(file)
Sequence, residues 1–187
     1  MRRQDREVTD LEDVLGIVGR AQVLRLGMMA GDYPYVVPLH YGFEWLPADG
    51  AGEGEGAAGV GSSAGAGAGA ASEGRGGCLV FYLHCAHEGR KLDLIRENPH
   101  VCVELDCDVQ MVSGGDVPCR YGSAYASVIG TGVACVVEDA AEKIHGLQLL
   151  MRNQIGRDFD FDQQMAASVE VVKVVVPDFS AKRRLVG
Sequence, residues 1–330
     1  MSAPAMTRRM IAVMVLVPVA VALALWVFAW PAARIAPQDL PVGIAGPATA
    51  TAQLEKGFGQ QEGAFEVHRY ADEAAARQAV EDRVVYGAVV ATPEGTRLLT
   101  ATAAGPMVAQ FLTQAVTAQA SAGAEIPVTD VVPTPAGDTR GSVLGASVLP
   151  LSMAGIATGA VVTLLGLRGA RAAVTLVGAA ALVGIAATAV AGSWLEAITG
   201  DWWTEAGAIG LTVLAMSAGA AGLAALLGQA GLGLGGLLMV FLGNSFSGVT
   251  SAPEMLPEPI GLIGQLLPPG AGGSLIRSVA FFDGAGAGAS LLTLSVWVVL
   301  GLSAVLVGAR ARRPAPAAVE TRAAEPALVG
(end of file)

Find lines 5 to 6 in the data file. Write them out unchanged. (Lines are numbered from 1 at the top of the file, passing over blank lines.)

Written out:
   151  MRNQIGRDFD FDQQMAASVE VVKVVVPDFS AKRRLVG
Sequence, residues 1–330